Yet another Facebook Data Breach

Millions of data on Facebook which includes account names and plaintext passwords have been found to be have been in two separate publicly exposed app databases.

The very first publicly-exposed dataset has its origin from a media firm, Cultura Colectiva which has its base in Mexico. This dataset contains around 540 million records which include account names, likes, comments, reactions and more. The very next publicly-exposed dataset is a Facebook-integrated app titled ‘At the Pool’. This dataset has exposed plaintext Facebook passwords of nearly 22,000 users. Both these exposed databases have been secured according to the researchers. In the case of the exposed At the Pool database backup, researchers found out that a plain text had Facebook passwords of nearly 22,000 users which were exposed on public internet through an Amazon S3 bucket. The database was also exposing data such as account names, user ID’s, user’s “friends” on Facebook, interests, likes and photos.

Researchers said,

“The passwords are presumably for the ‘At the Pool’ app rather than for the user’s Facebook account but would put users at risk who have reused the same password across accounts. This should offer little consolation to the app’s end users whose names, passwords, email addresses, Facebook IDs, and other details were openly exposed for an unknown period of time.”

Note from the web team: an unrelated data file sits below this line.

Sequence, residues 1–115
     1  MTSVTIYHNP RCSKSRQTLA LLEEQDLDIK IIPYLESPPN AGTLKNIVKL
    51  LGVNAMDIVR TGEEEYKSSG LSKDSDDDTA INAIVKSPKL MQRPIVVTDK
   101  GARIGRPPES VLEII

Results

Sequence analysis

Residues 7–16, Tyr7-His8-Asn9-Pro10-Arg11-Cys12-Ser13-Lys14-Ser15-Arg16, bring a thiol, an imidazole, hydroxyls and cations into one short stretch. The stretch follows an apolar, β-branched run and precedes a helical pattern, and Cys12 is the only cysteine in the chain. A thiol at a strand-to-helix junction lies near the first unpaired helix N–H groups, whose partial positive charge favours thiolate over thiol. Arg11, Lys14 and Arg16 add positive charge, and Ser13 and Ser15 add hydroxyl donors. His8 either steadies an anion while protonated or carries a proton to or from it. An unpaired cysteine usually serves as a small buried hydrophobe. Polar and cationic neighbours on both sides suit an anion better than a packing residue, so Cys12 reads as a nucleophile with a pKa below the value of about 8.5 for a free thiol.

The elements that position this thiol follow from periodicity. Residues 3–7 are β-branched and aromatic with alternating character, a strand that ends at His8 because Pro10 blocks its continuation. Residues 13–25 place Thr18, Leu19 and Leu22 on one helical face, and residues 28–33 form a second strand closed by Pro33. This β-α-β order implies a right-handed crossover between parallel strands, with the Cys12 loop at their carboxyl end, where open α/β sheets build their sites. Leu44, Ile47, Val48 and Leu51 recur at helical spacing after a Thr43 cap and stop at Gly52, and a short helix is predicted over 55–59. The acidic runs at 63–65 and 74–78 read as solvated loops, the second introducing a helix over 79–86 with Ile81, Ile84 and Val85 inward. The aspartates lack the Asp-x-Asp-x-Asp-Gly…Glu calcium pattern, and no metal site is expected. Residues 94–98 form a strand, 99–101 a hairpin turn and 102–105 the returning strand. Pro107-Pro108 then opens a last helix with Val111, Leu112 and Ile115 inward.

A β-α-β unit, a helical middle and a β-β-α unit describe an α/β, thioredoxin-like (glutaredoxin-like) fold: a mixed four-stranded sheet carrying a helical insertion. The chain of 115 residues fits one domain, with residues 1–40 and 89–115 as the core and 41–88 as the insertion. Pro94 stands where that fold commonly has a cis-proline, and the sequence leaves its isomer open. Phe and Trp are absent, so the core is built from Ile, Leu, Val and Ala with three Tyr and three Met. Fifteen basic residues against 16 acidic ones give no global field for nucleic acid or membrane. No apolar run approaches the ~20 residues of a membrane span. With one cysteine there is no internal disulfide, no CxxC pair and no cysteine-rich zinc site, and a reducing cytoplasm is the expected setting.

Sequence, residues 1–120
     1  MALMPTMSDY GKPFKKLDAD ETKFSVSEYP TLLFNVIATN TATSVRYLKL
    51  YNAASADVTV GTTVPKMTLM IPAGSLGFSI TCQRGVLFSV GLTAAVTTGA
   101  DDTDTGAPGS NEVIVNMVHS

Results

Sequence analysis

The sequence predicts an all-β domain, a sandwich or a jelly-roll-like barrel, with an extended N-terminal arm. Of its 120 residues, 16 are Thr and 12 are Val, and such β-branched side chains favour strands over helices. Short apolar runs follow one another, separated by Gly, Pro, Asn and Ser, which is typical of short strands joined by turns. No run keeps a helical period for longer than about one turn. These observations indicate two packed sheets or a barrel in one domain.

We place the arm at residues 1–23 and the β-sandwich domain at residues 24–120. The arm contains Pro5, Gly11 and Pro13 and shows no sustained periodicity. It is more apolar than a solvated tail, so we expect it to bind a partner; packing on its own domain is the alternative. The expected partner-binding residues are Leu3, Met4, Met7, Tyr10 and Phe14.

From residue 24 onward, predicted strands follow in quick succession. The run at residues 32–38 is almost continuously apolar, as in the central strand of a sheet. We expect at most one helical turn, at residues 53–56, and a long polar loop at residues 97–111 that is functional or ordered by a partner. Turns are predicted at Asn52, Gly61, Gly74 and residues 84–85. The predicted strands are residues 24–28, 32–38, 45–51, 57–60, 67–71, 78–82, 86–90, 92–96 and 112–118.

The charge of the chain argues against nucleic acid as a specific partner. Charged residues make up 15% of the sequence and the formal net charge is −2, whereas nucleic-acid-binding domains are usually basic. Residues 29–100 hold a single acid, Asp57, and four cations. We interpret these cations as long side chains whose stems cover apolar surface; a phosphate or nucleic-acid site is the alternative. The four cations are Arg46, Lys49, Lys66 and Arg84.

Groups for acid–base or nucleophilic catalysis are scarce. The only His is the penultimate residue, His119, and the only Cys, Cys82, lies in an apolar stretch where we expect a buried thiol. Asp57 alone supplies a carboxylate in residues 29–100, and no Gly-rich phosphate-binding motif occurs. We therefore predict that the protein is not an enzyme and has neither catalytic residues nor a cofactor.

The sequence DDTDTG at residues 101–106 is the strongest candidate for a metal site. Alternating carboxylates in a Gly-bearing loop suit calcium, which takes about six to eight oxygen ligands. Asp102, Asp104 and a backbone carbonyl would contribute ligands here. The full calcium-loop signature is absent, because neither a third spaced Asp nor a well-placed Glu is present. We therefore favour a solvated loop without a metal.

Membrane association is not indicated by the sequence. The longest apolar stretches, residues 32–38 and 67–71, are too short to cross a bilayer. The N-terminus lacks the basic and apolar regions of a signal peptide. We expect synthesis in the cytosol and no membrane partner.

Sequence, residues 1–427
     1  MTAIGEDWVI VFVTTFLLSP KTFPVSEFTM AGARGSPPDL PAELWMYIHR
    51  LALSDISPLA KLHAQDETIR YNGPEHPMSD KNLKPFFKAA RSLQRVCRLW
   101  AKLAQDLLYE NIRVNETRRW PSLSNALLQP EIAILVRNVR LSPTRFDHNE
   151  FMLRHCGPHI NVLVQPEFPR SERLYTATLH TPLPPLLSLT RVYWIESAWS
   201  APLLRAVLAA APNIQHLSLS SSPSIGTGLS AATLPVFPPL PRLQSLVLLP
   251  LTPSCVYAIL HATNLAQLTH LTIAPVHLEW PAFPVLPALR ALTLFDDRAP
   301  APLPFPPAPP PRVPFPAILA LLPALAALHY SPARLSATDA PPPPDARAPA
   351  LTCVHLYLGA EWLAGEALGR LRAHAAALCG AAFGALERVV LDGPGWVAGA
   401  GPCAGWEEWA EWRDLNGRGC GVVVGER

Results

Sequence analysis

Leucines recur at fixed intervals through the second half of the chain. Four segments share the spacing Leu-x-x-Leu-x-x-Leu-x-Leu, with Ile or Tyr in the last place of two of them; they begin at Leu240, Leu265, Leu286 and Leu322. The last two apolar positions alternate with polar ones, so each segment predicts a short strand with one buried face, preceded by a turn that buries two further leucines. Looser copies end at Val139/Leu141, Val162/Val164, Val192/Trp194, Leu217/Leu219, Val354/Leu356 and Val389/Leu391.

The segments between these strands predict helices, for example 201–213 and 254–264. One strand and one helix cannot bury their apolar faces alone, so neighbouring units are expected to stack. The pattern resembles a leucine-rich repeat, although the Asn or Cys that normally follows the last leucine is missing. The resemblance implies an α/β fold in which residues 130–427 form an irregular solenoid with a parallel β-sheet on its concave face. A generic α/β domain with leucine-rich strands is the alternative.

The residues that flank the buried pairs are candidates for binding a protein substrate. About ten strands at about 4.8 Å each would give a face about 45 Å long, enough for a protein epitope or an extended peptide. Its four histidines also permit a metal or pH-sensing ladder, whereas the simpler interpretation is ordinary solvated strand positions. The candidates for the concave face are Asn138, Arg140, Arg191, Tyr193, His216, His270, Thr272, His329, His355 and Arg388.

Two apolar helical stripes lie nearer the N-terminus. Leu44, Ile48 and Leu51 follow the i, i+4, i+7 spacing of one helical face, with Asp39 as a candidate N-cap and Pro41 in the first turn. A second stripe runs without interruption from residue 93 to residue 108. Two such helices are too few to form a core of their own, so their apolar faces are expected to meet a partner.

Researchers informed Facebook regarding the Cultura Colectiva data on 10th January this year but there was no response according to the researchers. “It was not until the morning of April 3rd, 2019, after Facebook was contacted by Bloomberg for comment, that the database backup, inside an AWS S3 storage bucket titled “cc-datalake,” was finally secured,” researchers said. This incident has happened after a couple of weeks when millions of Facebook user passwords were found stored in plain text for years which was discovered in March this year.

Researchers confirmed,

“As Facebook faces scrutiny over its data stewardship practices, they have made efforts to reduce third-party access. But as these exposures show, the data genie cannot be put back in the bottle. Data about Facebook users have been spread far beyond the bounds of what Facebook can control today. Combine that plenitude of personal data with storage technologies that are often misconfigured for public access, and the result is a long tail of data about Facebook users that continues to leak.”

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